Sorensen, much more than a speechwriter, grew so close that some came to call him the deputy president. After the assassination, his act of mourning was to write Kennedy, a rigorous history. Now, four decades later, just as he turns 80 and seven years after a stroke that virtually destroyed his vision, he has written a different kind of book. Much of it is inescapably about J.F.K., and it includes some discreet disclosures and funny historical footnotes. But primarily this is a book, a touching book, about a mellower Sorensen
The Washington Post - Ted Widmer
Sorensen has written on Kennedy beforehis 1965 opus, Kennedy, was one of the first to etch the legend into stone, and he has been writing ever since on subjects ranging from foreign policy to table tennis…But this book is different from his previous efforts. It is as much about Sorensen as Kennedy, more personal than anything he has written before. It is full of new information about both men, and in a world saturated with Kennedy stories both over-familiar and apocryphal, that's saying something…This book is instantly essential for any student of the period. It fills gaps in the historical record; it vividly conveys life inside the administration; and it generously dishes anecdotes
Sorensen begins this audio sounding like a tired old man, with a gravelly voice and narrow vocal range; but as he becomes livelier and more engaged in his own narrative, listeners do too. A legislative assistant to Senator John F. Kennedy, Sorensen became JFK's speechwriter and closest advisor throughout the Kennedy presidency. Sorensen is most animated describing what he sees as the three major legacies of the Kennedy years: avoiding nuclear war through his handling of the Cuban missile crisis, supporting the civil rights movement, and competing with the Soviets in space. He deplores the Bush administration and ends with the fervent hope for new Democratic leadership to restore America's moral authority in the world and aspirations for a better, more equal life at home. This is a piece of history told by a passionate participant who is a fine writer and most engaging reader. A HarperCollins hardcover. (June)Copyright © Reed Business Information, a division of Reed Elsevier Inc. All rights reserved.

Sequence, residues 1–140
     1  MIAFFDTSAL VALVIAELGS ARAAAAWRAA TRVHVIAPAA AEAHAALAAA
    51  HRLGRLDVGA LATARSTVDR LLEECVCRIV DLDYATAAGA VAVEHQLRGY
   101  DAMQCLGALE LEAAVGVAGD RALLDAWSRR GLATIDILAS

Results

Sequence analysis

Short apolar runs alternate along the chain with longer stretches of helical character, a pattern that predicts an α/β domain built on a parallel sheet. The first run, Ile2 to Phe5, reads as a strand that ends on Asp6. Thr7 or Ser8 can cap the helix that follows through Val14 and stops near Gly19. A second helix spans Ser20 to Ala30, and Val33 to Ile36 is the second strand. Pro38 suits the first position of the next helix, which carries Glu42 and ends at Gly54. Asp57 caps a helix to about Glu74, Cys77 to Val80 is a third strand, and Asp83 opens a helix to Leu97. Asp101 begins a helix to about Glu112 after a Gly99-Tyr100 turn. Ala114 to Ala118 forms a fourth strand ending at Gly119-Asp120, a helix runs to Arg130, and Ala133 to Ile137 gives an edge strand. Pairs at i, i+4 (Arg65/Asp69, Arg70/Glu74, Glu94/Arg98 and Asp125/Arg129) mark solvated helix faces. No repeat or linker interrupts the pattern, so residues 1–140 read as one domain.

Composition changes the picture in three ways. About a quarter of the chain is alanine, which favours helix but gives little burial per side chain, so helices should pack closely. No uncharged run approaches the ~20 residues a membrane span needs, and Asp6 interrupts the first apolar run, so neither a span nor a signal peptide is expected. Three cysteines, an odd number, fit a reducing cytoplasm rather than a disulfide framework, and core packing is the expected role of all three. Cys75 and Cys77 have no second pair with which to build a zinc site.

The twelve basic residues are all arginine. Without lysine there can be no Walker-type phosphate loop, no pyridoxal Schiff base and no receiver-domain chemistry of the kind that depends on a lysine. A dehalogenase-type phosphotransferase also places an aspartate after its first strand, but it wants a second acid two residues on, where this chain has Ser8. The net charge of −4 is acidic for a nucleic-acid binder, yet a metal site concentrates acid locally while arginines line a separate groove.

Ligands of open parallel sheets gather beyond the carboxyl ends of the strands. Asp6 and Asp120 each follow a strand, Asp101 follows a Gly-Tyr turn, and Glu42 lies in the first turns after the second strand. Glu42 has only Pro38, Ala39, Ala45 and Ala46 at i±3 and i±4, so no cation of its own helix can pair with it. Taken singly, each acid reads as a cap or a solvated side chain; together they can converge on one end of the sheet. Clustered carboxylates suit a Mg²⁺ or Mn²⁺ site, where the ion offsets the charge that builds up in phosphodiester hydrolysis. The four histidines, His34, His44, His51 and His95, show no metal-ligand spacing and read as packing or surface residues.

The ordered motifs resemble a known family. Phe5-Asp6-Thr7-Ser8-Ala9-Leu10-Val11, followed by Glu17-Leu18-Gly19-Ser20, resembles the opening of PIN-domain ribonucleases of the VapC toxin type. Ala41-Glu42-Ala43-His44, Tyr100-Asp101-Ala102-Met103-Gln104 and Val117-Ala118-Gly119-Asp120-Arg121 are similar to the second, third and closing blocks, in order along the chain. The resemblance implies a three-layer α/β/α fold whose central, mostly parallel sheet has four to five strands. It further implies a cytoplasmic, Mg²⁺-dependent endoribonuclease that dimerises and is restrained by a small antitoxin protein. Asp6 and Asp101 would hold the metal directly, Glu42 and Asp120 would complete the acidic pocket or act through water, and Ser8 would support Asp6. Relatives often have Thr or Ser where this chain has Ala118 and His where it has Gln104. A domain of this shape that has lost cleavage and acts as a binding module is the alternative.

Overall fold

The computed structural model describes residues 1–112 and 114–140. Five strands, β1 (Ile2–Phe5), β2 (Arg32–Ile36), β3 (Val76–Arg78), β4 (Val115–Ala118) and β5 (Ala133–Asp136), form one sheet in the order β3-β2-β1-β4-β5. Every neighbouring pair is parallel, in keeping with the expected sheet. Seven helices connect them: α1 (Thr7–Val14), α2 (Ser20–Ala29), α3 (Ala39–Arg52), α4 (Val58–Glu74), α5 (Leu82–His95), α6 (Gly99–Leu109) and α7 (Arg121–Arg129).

Table of Contents:
Pt. 1 Lincoln, Nebraska, 1928-1951
1 Roots 13
2 Mother 22
3 Father 34
4 Childhood and Siblings 49
5 Education 59
6 Conscience 67
Pt. 2 Washington, D.C., 1951-1964
7 Move to Washington, D.C. 89
8 Joining Senator Kennedy 95
9 Relationship with JFK 102
10 My Perspective on JFK's Personal Life 116
11 My Evolving Role on JFK's Senate Staff 124
12 Speechwriting 130
13 My Role in Profiles in Courage 144
14 A Catholic Candidate for President? 156
15 Senator Kennedy's Quest for the Presidency 167
16 The 1960-1961 Presidential Transition 198
17 Special Counsel to the President 203
18 The President's Speeches 215
19 President Kennedy's Ministry of Talent 228
20 My Relations with Vice President Lyndon Johnson 241
21 My Relations with President Kennedy's Family 250
22 Kennedy's Civil Rights Initiative 270
23 The Cuban Missile Crisis 285
24 President Kennedy's Foreign Policy 310
25 My Role in Press Relations 341
26 Planning for JFK's Reelection and Second Term 346
27 The Death of President Kennedy 360
28 President Johnson's 1963 Transition 378
Pt. 3 New York City, 1965-2007
29 Return to Private Life and Authorship 397
30 New Life in New York 410
31 Practicing Law 422
32 My Continuing Involvement in Politics 452
33 My 1977 Nomination for Director of Central Intelligence 484
34 Family and Health 504
Epilogue: Reflections, Regrets, and Reconsiderations 519